Monday, April 2, 2018

Surprises part 2

Last year I played 38 standard games of a slow time-control. I won 23 of them, made 10 draws and lost only 5. That seems a fantastic result but most of the games were played against weaker opponents. Besides only 11 were rated by fide so in the end I only gained a couple of ratingpoints. Many years already I can only play some small local tournaments to maintain more or less my playing-level.

Losing 5 games out of 38 is not much but each loss is one too many for an ambitious player. On the other hand losses are the best lessons to improve. That was part of the critics I received at chesspub because of my article to analyze using a computer part 2. Technically I make some high quality analysis but it is not clear how I learn something from it. Each game is unique (except in rare cases) so in each game new mistakes are made.

Of course something will be learnt from analyzing carefully games but often more can be achieved by looking to the total picture. Is there a common denominator in the mistakes? In my 5 most recent losses I noticed 1 important aspect. In each of the games I got very early into problems. In 2 games I even didn't survive the opening. 1 was already covered in my article evolution. The other was my game against Dries Janssen of which I already showed the final part in my previous artice.
[Event "Maneblusserstornooi 7de ronde"] [Site "?"] [Date "2017.??.??"] [Round "?"] [White "Janssen, D."] [Black "Brabo"] [Result "*"] [ECO "A04"] [WhiteElo "1930"] [BlackElo "2310"] [PlyCount "31"] [EventDate "2017.??.??"] [CurrentPosition "rnbqkbnr/pppppppp/8/8/8/8/PPPPPPPP/RNBQKBNR w KQkq - 0 1"] 1.Nf3 { (In our previous mutual game played in 2005, Dries chose d4. In the databases there were no earlier games of Dries with Nf3.) } 1...f5 2.d3 d6 { (White clearly prepared something but I had not played d6 before if you look at the databases.) } 3.e4 e5 4.Nc3 Nc6 5.h3 { (During the game I thought white was out book when he played this seemingly weak move.) } 5...Nf6 { (After my lost game against Vrolijk Liam played earlier this year, I had checked briefly this line. I noticed that 5...Nge7 is playable here but there is nothing wrong with my Nf6, at contrary. ) } 6.exf5 Bxf5 7.g4 Be6 { (After the game Dries told me that Bg6 is considered critical in this position. I clearly underestimated his preparation. Probably he had seen my game against Arno Bomans which was covered on my blog in the article 'Surprises' which would make it much more likely to prepare 5.h3 for this game.) } 8.Bg2 Be7 9.d4 Bc4? { (I saw whites next moves but completely underestimated the consequences. I still found one game with Bf7 in the databases in which white responds the same way as in the game. Playable but not very easy are Nd5 and exd4.) } ( 9...Nd5!? 10.O-O Nxc3 11.bxc3 Bc4 12.Re1 O-O $13 ) ( 9...exd4!? 10.Nxd4 Nxd4 11.Qxd4 c6 12.Be3 O-O { (Or first Bf7 followed next by f4.) } 13.O-O-O d5 14.f4 Bf7 15.Qd2 $13 ) 10.d5 Nb8?! { (I had planned this retreat as Nb4 looks bad. Still Nb4 was better as now I am just dead lost.) } 11.Ng5 Qd7 12.Ne6 Kf7 13.g5 { (Only here I started to realize things went horribly wrong. Ne8 loses quickly due to h4 followed by Bh3. Therefore I chose to create complications.) } 13...Nxd5 14.Nxd5 Kxe6 { (I missed whites next move but c6 is also losing after Nec7.) } 15.Qg4+ Kf7 16.Qxc4 { (The remaining part of the game was covered in the previous article.) } *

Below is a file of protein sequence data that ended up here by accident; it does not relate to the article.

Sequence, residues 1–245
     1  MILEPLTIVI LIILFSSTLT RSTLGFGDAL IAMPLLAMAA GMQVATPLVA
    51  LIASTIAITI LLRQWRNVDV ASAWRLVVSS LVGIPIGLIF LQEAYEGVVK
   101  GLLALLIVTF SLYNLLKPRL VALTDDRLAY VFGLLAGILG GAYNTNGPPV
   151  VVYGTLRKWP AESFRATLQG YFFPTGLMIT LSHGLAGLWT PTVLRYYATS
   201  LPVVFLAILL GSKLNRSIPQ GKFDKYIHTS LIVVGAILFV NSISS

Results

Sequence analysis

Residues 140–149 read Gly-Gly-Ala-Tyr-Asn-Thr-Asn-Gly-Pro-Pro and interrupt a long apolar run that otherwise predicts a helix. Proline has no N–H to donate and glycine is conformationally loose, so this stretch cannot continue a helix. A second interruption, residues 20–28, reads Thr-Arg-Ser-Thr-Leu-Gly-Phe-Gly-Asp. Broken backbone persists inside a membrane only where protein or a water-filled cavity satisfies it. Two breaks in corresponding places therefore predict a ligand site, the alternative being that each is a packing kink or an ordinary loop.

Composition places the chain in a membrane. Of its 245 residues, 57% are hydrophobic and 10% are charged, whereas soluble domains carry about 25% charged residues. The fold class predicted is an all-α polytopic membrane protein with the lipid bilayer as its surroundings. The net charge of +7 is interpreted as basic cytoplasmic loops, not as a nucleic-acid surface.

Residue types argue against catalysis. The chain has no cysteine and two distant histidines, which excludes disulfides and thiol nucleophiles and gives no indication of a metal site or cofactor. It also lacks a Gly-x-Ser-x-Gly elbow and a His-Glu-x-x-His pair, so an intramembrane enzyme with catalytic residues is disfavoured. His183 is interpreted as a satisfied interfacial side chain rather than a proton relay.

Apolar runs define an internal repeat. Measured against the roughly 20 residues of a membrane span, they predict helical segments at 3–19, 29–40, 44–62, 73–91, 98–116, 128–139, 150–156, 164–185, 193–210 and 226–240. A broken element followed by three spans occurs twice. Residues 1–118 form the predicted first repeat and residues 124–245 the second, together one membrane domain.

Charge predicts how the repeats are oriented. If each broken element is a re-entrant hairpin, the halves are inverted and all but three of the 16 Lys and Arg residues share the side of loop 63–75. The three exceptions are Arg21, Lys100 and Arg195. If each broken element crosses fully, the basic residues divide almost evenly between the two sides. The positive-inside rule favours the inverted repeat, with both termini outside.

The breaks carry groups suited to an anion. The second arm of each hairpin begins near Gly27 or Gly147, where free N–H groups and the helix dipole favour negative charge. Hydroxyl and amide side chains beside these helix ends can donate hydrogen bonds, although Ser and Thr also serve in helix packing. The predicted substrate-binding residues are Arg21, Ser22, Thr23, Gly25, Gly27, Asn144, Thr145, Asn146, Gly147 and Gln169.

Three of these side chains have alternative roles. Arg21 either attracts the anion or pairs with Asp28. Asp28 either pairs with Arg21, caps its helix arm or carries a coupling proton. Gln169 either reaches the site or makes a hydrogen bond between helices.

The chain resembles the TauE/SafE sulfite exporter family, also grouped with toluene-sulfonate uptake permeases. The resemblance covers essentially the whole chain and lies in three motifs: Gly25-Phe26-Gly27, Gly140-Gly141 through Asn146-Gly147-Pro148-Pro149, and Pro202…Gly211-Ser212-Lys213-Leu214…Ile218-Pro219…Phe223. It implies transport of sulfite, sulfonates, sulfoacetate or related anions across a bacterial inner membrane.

No doubt my too optimistic play was a major reason for the defeat. Both kings stayed in the center but my king appeared to be much more vulnerable. However even more important to me is the fact that my opponent had seen the critical position already in his preparation. He was aware of a similar mistake made in that position see the game Haroon Azizi - Anneli Damau played in 2003 which also was countered by the same refutation (see moves 9,10 and 11). So aside from the technical mistake we should definitely focus at the disturbing difference of foreknowledge between both players. I am not yet even taking into account the rating-difference.